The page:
Here’s your chance to help me decide on which new smartphone to get

Motorola Droid MaxxSamsung S4iphone 5I am a big fan of crowdsourcing.  Not for everything as sometimes you need to just go your own way and forsake popular opinion.  At least that’s what I do sometimes.    However when it comes to deciding on a new smartphone I believe the collective wisdom of the crowd is the best option for having a solid amount of data on which to make a decision.   So here I am asking you for your comment on the three options that I have selected in order to narrow the field.

I am also interested in having this be an open conversation and what I ask is that if you do care to comment and or simply offer an opinion to please do that on my blog itself such that everyone can read what everyone else is offering.   Of course it will be a sad thing if I only get one or two comments; which is a risk I am wiling to take.   This is merely a request as often people make comments on my blog on the social network in which they received the feed and I am always grateful for any one who actually reads and comments so it’s my hope to really have this be an interesting and lively conversation.

Background:  I have been using a Google Motorola (yes I am aware that Google sold Motorola to Lenovo last week) Droid Razr for the past nearly 2 years.  What drew me to that model was it’s compact nature as it fits in my pocket rather easily – more so than an iPhone by a bit, and I wanted to try the Android OS.   In general the phone itself is pretty good although I did plug in an operating system called Aviate about six months ago, (which probably has impacted performance) but I do like the interface more than the factory set Droid OS.    The phone today just does not perform well and I am not sure if it is the Aviate OS, the fact that the phone is now old, or both.  Or neither.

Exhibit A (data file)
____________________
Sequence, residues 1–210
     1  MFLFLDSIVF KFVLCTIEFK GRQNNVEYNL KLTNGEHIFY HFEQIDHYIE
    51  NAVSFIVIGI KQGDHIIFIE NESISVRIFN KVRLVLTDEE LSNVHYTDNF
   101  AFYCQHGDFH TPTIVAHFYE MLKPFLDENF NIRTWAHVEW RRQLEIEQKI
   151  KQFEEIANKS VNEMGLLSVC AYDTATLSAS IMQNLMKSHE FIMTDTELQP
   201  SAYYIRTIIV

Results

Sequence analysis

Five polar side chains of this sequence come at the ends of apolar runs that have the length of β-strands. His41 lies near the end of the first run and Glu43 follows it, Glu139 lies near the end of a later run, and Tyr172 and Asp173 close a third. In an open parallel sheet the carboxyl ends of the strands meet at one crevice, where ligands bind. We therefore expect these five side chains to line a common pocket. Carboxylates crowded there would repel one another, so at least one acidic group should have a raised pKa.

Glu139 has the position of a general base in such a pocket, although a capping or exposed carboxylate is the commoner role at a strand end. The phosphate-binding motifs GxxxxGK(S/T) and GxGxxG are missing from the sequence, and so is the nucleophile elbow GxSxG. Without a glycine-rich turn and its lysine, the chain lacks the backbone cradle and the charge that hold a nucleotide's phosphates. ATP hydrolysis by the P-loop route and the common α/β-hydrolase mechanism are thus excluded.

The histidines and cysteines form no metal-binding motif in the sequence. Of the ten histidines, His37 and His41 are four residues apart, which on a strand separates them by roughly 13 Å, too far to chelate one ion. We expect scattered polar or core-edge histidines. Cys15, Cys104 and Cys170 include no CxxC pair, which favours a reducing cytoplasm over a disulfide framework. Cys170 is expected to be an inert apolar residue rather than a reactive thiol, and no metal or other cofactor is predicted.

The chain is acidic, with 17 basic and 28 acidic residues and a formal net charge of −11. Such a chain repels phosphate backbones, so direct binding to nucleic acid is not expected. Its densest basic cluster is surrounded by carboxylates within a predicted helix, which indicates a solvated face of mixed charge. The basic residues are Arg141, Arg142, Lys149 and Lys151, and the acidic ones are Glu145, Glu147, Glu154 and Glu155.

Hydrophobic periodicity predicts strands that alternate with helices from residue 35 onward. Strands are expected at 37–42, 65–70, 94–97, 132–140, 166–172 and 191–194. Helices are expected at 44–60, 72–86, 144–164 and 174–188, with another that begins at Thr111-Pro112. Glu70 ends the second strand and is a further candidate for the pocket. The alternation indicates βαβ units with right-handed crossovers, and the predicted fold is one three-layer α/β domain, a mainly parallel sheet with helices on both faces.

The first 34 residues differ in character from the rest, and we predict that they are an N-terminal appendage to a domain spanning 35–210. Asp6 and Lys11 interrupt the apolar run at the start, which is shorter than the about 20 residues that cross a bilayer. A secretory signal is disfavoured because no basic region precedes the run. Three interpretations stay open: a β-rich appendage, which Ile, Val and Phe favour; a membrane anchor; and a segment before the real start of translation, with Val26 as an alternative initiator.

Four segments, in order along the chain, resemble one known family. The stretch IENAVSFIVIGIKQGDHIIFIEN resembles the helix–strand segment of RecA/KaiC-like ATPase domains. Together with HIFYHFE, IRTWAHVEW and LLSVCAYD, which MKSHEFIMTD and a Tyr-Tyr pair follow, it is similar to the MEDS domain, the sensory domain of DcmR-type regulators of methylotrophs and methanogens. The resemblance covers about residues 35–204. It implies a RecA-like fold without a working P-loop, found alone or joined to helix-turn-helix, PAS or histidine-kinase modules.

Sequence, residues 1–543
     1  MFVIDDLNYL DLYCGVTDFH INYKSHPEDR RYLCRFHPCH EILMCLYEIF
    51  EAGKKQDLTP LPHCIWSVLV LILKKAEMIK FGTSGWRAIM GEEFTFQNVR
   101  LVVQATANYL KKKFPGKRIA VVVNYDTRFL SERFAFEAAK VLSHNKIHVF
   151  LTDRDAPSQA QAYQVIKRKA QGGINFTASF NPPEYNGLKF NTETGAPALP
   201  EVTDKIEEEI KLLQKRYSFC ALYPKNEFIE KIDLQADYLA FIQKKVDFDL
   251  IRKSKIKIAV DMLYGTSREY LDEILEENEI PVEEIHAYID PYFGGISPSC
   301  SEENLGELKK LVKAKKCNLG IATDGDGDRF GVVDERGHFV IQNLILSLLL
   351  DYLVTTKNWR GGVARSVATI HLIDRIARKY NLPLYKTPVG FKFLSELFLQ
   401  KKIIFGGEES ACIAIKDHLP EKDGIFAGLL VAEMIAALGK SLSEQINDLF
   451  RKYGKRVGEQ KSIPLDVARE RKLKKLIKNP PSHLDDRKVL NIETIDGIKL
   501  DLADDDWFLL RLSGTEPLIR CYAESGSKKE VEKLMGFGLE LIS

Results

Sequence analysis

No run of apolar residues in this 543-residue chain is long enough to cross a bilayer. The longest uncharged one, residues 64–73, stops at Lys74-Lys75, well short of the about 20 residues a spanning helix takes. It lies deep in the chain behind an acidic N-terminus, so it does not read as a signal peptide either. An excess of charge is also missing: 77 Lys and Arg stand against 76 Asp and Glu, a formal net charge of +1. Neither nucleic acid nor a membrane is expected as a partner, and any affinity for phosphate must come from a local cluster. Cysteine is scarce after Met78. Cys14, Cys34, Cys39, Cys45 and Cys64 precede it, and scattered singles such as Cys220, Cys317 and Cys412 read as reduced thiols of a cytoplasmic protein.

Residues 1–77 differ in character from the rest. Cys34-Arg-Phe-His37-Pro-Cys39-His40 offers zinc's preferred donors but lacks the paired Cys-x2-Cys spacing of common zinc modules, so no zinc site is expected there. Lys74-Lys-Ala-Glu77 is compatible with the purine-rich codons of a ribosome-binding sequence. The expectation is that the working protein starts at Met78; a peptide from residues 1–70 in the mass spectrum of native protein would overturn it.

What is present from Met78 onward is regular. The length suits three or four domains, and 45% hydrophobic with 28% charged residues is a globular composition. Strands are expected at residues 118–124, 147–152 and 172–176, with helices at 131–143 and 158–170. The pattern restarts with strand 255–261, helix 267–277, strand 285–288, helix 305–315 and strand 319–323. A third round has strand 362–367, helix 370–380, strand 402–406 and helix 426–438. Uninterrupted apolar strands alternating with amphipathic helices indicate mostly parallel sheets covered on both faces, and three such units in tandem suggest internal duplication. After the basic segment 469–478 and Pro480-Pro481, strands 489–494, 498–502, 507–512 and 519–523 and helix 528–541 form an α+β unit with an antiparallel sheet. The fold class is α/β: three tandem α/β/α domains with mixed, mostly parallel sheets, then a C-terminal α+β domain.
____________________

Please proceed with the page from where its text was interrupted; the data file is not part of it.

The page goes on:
My choices:

Motorola Droid Maxx – same size as my current phone.  But my Motorola experience has been just ok.

Samsung S4 – the S4 is the right size as the S5 is just too big.

iPhone 5 – everyone in my office (except for one) uses an iPhone.  We all work on Macs.  There are many good reasons that an iPhone makes sense but the fact that so many of us do not use the Android platform makes me concerned that we will not have much first-hand experience in the Android OS which is still extremely popular.  How will we know what people are experiencing if we are all fish in the same pond?

So there you have it – three distinct choices, price wise the iPhone is the most expensive which should be taken into consideration.  The Motorola phone and Samsung are similarly priced.

Which should I choose?   And what are the reasons?  I will post the results here on my blog as well.  And if you have a different suggestion I will be interested to read them.  Xiaomi? Huawei?  Lumina?  I have considered those but for various reasons have eliminated them.